Wednesday, June 23, 1999

Jazz in Film

Posted By on Wed, Jun 23, 1999 at 12:00 AM

Terence Blanchard is not the kind of musician who cranks out a new record every six months. He is an expert craftsman who has paid close attention to details. In his playing, each note fits, and there’s always polished nuance flowing through his music. On his new record, Jazz in Film, we hear the juicy lyricism that we have come to expect of him. The title may sound dull as rice cakes, but there’s nothing dull about the music on the disc. Here, Blanchard plays jazz compositions taken from classic American films. Playing music for film can be a hard pill for jazz musicians to swallow because there isn’t a lot of room for improvisation, but he shows us how important good music is to the aesthetic success of a film.

Blanchard opens the record with the music from A Streetcar Named Desire. This number sets the tone. It has an Ellingtonian energy of pure swing and powerful solos by Donald Harrison and Steve Turre. On the music from Chinatown and The Subterraneans, Blanchard’s playing is evocative of such old school trumpet players as Buck Clayton and Harry "Sweets" Edison. He emphasizes every note and plays in a low register. As he and saxophonist Joe Henderson match wit and strength on Anatomy of a Murder, they blow with enough speed and force to shatter a concrete structure. Throughout this record, Blanchard’s solos are engaging, but he sounds best when he blows with Henderson, whose leave-no-heart-untouched approach makes for a perfect marriage to Blanchard’s silky phrasing. For the first time in years, Henderson blows with the kind of power he flexed on his classic Blue Note recordings of the early 1960s.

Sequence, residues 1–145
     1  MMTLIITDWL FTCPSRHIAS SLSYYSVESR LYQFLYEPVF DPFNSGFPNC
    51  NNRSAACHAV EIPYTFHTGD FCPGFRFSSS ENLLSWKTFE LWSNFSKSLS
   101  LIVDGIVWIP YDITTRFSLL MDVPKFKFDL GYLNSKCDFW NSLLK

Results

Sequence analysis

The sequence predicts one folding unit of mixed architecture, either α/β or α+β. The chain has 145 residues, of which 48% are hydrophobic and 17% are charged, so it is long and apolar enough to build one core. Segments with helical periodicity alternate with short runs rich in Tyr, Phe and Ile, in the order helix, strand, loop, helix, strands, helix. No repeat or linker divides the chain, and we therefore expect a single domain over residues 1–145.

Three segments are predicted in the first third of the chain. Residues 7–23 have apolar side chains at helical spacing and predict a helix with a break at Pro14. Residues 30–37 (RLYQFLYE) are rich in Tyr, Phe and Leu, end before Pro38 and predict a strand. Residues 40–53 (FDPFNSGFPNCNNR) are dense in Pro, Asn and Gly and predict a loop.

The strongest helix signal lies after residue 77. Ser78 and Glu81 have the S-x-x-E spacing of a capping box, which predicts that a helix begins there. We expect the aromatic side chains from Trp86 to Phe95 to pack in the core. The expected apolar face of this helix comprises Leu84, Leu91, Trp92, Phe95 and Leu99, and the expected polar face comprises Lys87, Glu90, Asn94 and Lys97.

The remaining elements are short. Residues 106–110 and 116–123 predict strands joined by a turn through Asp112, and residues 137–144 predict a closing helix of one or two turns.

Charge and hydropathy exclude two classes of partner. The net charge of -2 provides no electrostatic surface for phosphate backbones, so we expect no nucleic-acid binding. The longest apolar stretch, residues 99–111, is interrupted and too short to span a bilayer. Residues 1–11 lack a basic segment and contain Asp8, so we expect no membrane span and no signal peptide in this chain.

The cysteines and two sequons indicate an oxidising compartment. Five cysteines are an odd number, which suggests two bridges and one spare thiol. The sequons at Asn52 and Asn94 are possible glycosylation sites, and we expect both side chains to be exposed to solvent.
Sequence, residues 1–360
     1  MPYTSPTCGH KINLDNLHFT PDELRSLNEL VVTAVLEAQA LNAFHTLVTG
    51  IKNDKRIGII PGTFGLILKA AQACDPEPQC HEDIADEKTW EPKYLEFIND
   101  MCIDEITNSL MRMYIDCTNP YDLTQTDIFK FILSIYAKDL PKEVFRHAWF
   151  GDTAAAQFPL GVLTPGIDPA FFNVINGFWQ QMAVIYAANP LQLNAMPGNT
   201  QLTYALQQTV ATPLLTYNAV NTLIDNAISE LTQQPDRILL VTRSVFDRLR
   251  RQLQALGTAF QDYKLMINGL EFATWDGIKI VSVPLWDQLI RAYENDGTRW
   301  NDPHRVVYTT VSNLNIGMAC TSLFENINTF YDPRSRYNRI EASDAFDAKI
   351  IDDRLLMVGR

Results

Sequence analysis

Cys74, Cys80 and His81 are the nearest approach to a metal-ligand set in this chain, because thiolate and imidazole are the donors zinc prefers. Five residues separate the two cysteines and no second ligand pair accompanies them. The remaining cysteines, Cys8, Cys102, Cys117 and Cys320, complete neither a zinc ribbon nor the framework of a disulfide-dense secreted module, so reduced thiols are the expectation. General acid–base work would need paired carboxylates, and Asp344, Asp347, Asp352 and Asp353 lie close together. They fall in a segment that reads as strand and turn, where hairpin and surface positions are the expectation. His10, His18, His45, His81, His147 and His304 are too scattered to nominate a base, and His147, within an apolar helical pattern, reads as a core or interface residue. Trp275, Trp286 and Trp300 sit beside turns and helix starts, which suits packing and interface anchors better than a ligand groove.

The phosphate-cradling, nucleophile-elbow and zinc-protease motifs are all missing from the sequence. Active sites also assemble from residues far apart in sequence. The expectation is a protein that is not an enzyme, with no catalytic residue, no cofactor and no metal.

Jazz in Film is unlike most jazz records trumpet players are releasing today. Most lack Blanchard’s grace. In other hands, the music on this album could easily be mistaken for "mood music." Instead, Blanchard shows us how good jazz should sound.


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